Belgian gas explosion: questions remain unanswered

By Paul Bond
3 September 2004

The death toll continues to rise after an explosion on a gas pipeline in the small Belgian town of Ghislenghien a month ago. Twenty-one people have now died. Over 50 remain in hospital, with the condition of over half being described as critical.

The explosion occurred at about 9.00 a.m. on July 30 in the industrial town just outside Ath, 40 kilometres south of Brussels. It sent a wall of flame into the air, triggering a chain of explosions. A leak was reported on the pipeline, which runs from the Belgian port of Zeebrugge into northern France, 37 minutes before the explosion. Firefighters attempting to establish a security perimeter around the site were among those killed when the explosions destroyed two factories in the industrial park.

The blast was heard several miles away. It melted or burned everything within a 400-metre radius and left a large crater between the two factories. Bodies and debris were thrown 100 metres into surrounding fields. One firefighter, Patrick Chevalier, described the scene as “the apocalypse, we couldn’t see anything or anyone, and then we began to find the bodies scattered around the area, completely carbonised. One colleague we recognised straight away by his shoulder badge, but it wasn’t possible to identify others”.

Casualties were taken to hospitals across Belgium and France. Police closed the adjacent motorway, and residents were advised to stay indoors because of the smoke.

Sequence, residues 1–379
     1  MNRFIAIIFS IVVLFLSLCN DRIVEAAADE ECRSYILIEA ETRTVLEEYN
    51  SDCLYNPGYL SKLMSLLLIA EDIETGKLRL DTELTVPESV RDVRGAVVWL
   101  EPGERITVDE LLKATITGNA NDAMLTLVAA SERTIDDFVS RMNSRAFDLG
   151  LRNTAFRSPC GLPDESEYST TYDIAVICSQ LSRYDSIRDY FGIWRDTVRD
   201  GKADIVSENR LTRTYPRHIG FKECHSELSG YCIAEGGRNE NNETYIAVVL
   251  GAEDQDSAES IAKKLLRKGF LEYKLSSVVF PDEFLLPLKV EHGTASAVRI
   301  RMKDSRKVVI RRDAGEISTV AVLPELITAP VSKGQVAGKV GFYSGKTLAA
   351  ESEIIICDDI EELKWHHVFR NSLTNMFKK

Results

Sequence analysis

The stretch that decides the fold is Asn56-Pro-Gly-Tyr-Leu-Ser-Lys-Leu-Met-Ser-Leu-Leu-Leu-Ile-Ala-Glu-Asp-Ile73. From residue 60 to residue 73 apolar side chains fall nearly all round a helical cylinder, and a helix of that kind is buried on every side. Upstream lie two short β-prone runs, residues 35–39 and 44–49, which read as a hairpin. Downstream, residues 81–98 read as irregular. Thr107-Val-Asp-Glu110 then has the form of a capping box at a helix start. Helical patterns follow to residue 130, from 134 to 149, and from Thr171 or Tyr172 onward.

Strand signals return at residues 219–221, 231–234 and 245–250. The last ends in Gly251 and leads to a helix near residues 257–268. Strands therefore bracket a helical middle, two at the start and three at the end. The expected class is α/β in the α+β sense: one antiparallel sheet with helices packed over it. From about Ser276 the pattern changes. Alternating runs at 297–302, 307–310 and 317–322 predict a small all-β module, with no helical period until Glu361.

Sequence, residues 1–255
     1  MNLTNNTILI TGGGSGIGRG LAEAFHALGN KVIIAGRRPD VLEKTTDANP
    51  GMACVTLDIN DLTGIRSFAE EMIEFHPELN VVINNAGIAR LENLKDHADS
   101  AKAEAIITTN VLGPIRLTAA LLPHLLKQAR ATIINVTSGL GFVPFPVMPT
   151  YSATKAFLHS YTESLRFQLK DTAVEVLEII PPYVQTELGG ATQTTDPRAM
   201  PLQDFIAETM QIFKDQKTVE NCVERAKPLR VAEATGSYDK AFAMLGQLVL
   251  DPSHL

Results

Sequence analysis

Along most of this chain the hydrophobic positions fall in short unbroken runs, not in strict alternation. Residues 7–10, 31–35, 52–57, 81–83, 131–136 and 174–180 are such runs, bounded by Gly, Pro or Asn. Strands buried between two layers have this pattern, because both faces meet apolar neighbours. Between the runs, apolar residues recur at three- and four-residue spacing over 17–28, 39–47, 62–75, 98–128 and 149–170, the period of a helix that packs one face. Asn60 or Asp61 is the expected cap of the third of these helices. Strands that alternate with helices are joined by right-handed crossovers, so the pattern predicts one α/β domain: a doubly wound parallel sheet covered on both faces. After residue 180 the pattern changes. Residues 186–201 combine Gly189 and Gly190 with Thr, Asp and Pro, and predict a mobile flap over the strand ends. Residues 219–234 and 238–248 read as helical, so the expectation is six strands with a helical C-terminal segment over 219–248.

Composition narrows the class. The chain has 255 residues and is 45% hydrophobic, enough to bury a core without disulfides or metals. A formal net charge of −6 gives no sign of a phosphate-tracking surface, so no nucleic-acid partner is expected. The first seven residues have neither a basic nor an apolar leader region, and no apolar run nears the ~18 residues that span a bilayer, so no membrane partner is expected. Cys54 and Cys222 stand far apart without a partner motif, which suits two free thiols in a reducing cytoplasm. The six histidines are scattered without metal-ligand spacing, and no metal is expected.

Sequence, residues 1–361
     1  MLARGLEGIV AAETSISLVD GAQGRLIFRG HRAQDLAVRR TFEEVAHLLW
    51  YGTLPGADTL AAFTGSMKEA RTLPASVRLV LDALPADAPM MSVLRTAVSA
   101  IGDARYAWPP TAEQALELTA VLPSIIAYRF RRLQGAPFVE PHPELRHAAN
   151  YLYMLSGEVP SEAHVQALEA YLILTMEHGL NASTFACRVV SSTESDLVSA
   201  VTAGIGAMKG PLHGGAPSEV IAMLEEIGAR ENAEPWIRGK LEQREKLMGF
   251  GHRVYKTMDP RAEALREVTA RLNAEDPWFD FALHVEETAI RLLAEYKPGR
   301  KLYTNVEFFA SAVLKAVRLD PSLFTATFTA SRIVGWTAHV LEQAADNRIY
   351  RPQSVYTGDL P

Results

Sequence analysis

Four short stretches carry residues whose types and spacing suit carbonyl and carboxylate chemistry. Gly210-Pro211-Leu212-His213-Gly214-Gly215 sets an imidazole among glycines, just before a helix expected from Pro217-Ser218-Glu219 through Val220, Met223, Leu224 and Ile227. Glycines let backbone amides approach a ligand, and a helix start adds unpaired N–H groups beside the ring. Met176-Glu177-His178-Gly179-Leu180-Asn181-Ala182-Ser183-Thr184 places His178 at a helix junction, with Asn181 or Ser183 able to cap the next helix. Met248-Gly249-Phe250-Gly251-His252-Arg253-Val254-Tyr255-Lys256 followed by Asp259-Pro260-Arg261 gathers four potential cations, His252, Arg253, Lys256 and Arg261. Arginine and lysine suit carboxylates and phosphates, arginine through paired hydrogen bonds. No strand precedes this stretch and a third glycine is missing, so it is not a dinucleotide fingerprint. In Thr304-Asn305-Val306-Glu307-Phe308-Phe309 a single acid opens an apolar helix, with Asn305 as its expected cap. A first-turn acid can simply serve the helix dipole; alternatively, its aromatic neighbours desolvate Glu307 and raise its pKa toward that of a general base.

As soon as the blaze was extinguished, investigators began searching to discover the causes for the blast. Although no official results have been published yet, the evidence presents a damning picture of private enterprise.

The pipeline is run by Fluxys, which runs the country’s whole network of pipelines. Fluxys is jointly owned by Royal Dutch/Shell, the French utility concern Suez Group and a group of municipalities. Fluxys confirmed very early on that the explosion was caused by a gas leak.

Five days after the explosion an unnamed construction worker told the newspaper La Dernière Heure that lax safety measures at a building site next to the pipeline may have contributed to the explosion. He said that site managers insisted that deadlines must be met at all costs, leading to safety regulations not being observed. In particular he said that some firms on the site did not observe the danger zone designed to prevent heavy machinery being placed over the pipeline.

Construction work was taking place on the factory of Diamant Boart, which manufactures industrial diamond-cutting equipment. Thirteen of Diamant Boart’s 22 workers were injured in the explosion. Four were killed. Diamant Boart denied that the building work could have had anything to do with the blast, saying that it had been completed six weeks earlier and had been supervised throughout by Fluxys.